16th Annual Computer Security Applications Conference
December 11-15, 2000
New Orleans, Louisiana

Layering Boundary Protections: An Experiment in Information Assurance

Dale M. Johnson
The MITRE Corporation

Lee Benzinger
NAI Labs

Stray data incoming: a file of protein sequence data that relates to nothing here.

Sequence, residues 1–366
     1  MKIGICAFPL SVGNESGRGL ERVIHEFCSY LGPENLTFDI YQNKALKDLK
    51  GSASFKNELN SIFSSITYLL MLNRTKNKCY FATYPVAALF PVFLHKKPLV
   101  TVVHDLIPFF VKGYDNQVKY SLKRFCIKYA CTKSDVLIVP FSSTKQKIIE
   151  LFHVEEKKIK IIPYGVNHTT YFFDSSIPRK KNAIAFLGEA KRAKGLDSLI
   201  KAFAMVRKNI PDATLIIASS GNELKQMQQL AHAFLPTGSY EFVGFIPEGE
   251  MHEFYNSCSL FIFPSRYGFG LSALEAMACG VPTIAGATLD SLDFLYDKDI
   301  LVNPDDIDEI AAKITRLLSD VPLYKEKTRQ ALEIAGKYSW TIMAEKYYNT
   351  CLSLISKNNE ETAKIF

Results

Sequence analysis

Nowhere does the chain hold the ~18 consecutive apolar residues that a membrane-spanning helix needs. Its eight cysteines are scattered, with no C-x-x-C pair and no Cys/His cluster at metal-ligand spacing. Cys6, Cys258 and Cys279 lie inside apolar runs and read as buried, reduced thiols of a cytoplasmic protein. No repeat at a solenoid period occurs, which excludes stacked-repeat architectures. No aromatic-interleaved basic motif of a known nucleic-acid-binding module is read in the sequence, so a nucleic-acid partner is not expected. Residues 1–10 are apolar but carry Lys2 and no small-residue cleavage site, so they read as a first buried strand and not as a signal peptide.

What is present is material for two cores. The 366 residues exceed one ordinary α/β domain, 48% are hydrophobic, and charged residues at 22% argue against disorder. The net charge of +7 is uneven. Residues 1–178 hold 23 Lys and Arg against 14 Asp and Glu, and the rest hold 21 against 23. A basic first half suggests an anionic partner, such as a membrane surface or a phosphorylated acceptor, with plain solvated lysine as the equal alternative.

The DARPA Information Assurance Program has the aim of developing and executing experiments that test specific hypotheses about defense in depth and dynamic defense capabilities. This paper describes the development and execution of an experiment in layering. The basic hypothesis was that layers of defense, when added in a careful and systematic way to a base system, lead to increased protection against attacks on the system. For the particular experiment, a mission and broad policy were defined and a base system was developed to support the mission and the policy. The boundary controller for the system was designed and developed as a series of layers; these elements became the main focus of experimentation on layering. The results tended to confirm the experimental hypothesis that layers have a cumulative effect on protection against outside attacks. However, there are often other opportunities for attackers to go around the layers or avoid them altogether. A broader methodological result was that the entire process of developing experiments needs to be carefully thought through. In addition, the experimental data resulting from this experiment provide only a limited corroboration for the given experimental hypothesis.

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